WHAT ARE YOUR PARTNER’S STRENGTHS AND WEAKNESSES?

One of my husband’s strengths is his playful nature. He loves to play and create and build – all great things for children. He and our son have so much fun together. And weaknesses? Well, if I have to pick something, it is a challenge for him to choose the difficult thing that our son needs, when the fun thing is so much easier. For example, before bedtime he needs help winding down, but it’s so much more fun to throw him in the air and listen to him squeal.

WHO ELSE PROVIDES CHILDCARE FOR YOUR CHILDREN?

One of the downsides of living on the other side of the world from family and friends is that we do not have the built-in support system that so many new parents do. As of right now, it is just me and my husband who provide childcare.

WHAT IS YOUR WORST PARENTING MOMENT?

Oh dear. My son is only 8 months old, so I’m sure my worst parenting moment is yet to come. Having said that, I’d say I’ve recently been in a series of bad parenting moments. We took a trip to the States to introduce our little guy to his family. My husband was only able to come for a portion of the trip, so I was traveling all over the country and back to Korea by myself.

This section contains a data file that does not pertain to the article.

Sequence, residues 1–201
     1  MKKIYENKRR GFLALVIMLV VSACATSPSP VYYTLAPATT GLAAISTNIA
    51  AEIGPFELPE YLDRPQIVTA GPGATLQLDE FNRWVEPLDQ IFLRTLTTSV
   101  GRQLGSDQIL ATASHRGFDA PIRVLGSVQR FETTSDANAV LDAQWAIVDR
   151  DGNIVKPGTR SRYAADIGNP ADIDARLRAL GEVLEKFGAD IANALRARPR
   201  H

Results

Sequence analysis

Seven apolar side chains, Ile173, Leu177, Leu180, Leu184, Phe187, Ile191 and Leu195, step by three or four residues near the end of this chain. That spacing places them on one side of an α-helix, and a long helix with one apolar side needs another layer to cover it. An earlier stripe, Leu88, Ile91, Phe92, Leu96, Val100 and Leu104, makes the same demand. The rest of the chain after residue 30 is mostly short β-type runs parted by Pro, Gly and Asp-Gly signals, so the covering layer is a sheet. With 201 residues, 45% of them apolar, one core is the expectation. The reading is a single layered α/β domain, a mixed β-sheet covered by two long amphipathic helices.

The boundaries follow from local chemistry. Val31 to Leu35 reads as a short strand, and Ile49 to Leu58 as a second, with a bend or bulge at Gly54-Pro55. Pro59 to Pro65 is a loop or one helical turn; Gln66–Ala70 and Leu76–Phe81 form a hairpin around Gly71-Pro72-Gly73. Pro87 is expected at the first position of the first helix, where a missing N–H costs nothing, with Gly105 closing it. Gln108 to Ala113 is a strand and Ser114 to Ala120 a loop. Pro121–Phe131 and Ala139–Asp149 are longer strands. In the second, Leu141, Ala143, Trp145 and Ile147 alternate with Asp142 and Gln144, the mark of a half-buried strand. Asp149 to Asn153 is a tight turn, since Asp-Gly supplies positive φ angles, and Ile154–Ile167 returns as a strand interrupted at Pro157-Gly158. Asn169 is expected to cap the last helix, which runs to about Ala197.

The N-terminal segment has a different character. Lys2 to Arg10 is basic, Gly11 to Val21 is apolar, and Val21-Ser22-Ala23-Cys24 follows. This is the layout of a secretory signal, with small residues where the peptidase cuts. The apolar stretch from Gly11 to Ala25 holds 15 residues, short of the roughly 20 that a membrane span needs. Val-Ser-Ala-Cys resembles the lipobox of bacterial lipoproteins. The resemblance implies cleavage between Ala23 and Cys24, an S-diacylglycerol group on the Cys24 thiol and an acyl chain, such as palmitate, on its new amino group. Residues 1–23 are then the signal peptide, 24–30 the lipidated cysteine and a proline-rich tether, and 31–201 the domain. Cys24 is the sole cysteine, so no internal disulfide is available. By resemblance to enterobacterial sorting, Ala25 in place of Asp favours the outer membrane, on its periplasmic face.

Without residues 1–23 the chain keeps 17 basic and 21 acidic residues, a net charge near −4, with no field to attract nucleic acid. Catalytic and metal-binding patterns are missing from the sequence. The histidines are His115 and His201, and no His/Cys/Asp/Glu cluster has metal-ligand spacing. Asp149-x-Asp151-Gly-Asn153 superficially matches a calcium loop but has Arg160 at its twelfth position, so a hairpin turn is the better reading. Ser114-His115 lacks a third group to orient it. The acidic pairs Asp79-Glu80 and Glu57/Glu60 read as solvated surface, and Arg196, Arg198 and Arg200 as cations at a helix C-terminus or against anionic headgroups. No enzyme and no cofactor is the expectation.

It was, needless to say, exhausting (single parents are INCREDIBLE human beings!) and by the time we got back, I was just done. Like, capital D done. The week after we got back I was impatient and short with him, quick to frustration, and probably not terribly sensitive to his needs as he struggled to get back into our time zone and routine. Looking back, it was a week of learning. It made clear for me the things I really need to work on.

WHAT IS YOUR BEST PARENTING MOMENT?

Again, I hope this is yet to come. So far, though, I think birthing my son has been my best. I did everything in my power to make sure his transition from belly to world was peaceful and welcoming. Another great moment in my parenting was hiring a housekeeper. Actually, as I gaze upon my freshly-steamed floors, it may have been the best parenting decision ever. I was getting so stressed about taking care of the house and myself and the baby … having someone else come in has not only given me more time, but relieved so much stress. It’s made for a much happier mama, and by extension, baby.

Lisa Duggan

Lisa Duggan is the Founder and CEO of The Modern Village, and publisher of TheParentduJour.com and TheMotherHoodBlog.com.